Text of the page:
Category: blogSource: 247wallstJun 7th, 2023Related News

The 50 Best Public High Schools In America

Using data compiled by education research platform Niche, 24/7 Wall St. identified the 50 best public high schools in the United States. Niche ranked schools based on a weighted index of seven measures, including self-reported standardized test scores, parent and student surveys, extracurricular activities, and indicators of teacher quality. A full description of each measure […] Using data compiled by education research platform Niche, 24/7 Wall St. identified the 50 best public high schools in the United States. Niche ranked schools based on a weighted index of seven measures, including self-reported standardized test scores, parent and student surveys, extracurricular activities, and indicators of teacher quality. A full description of each measure and its weighting is available here. Charter and magnet schools were excluded from analysis.  American public schools are funded largely at the state and local levels, and some states are investing more in their schools than others. While greater funding does not always translate to better outcomes, many of the high schools on this list are in states that spend far more than average on education. New York, for example, spends an average of over $23,000 per pupil annually on public education, the most of any state. New York is also home to 11 high schools on this list, also the most of any state. (These are the best private schools in America.) Additionally, many of these high schools are located in wealthy areas with a strong tax base for local schools to draw from. These areas include Palo Alto, California, and Lake Forest, Illinois, where most households earn over $170,000 a year. (Here is a look at the richest school district in every state.)  It is important to note that some high schools on this list, though still taxpayer funded, are specialized schools that students often have to apply for or test to get accepted. These schools include South Carolina Governor’s School for Science and Mathematics and Stuyvesant High School in New York City. Click here to see the best public high schools in America. Sponsored: Tips for Investing A financial advisor can help you understand the advantages and disadvantages of investment properties. Finding a qualified financial advisor doesn’t have to be hard. SmartAsset’s free tool matches you with up to three financial advisors who serve your area, and you can interview your advisor matches at no cost to decide which one is right for you. If you’re ready to find an advisor who can help you achieve your financial goals, get started now. Investing in real estate can diversify your portfolio. But expanding your horizons may add additional costs. If you’re an investor looking to minimize expenses, consider checking out online brokerages. They often offer low investment fees, helping you maximize your profit......»»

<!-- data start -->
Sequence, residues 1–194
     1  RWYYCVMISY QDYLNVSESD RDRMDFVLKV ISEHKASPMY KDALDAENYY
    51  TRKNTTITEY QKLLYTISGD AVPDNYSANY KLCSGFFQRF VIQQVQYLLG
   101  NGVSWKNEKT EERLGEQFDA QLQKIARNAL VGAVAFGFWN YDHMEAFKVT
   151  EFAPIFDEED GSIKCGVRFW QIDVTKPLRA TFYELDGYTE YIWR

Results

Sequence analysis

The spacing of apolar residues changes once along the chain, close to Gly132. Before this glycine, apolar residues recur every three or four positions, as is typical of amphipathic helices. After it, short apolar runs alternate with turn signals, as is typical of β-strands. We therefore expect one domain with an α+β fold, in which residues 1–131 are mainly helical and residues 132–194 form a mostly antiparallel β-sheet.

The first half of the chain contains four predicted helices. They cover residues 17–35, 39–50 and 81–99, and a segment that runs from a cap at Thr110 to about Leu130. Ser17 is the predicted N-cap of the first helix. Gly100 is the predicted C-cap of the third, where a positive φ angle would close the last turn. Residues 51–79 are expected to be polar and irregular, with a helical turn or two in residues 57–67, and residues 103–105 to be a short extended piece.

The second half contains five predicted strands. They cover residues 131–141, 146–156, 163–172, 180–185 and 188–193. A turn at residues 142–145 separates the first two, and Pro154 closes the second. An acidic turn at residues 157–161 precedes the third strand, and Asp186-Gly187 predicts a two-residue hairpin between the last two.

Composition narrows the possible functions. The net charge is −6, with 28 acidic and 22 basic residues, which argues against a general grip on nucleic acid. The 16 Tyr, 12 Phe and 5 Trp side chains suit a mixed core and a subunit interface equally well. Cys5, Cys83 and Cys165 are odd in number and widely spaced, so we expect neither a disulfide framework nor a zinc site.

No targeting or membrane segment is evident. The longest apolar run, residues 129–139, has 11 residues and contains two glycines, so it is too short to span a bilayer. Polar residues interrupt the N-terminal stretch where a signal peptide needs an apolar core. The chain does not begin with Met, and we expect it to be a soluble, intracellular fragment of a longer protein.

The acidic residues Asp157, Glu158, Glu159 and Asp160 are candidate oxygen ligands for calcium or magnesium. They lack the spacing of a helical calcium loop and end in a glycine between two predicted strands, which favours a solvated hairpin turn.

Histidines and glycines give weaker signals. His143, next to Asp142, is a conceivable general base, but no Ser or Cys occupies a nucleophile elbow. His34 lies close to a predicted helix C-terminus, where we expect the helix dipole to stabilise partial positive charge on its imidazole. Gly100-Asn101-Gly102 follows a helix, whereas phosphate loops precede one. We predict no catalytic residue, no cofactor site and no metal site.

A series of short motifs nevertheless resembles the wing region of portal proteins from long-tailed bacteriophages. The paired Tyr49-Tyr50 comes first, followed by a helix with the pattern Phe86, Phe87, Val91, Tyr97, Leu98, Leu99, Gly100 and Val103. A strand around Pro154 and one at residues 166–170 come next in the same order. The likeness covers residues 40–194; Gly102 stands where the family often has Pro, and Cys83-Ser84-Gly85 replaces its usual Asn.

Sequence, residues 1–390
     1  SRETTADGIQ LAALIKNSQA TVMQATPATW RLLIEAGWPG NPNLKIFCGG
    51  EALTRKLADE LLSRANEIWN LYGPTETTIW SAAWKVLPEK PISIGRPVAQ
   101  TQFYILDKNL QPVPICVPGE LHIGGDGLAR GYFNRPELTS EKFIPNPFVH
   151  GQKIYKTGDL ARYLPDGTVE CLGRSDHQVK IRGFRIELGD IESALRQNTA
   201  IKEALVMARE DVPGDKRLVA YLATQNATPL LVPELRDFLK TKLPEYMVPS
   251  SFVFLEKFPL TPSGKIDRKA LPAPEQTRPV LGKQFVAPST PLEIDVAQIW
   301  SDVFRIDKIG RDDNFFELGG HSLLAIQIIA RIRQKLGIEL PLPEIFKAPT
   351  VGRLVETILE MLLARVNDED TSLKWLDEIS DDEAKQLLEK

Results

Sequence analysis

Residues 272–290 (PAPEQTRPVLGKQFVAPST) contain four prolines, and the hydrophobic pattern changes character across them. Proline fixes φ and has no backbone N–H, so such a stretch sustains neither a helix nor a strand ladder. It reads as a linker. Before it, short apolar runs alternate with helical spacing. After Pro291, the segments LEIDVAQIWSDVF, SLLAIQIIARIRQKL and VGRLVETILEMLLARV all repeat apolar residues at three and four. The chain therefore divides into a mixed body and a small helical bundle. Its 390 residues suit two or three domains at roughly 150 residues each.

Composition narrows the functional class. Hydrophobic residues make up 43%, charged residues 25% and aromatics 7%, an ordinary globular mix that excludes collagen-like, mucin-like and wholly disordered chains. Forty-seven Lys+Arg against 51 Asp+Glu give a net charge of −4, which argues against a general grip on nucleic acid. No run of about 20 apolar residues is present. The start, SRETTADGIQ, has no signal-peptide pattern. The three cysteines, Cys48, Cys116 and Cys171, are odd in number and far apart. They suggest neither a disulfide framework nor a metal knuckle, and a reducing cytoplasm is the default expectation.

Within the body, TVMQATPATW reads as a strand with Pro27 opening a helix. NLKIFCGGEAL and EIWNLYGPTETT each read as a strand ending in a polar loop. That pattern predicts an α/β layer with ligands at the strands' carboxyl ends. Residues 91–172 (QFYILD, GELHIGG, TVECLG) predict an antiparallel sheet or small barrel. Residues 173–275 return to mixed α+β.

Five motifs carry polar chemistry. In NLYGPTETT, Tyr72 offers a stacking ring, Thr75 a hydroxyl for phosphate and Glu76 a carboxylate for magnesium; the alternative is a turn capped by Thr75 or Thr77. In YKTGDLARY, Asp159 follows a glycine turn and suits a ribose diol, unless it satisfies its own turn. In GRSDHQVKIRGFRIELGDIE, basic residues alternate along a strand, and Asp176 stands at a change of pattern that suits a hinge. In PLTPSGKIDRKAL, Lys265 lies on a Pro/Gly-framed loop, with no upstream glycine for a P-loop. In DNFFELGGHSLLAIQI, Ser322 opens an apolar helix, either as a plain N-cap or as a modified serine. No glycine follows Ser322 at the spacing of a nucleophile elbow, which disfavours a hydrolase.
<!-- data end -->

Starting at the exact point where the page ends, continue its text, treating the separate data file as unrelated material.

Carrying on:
Category: blogSource: 247wallstJun 7th, 2023Related News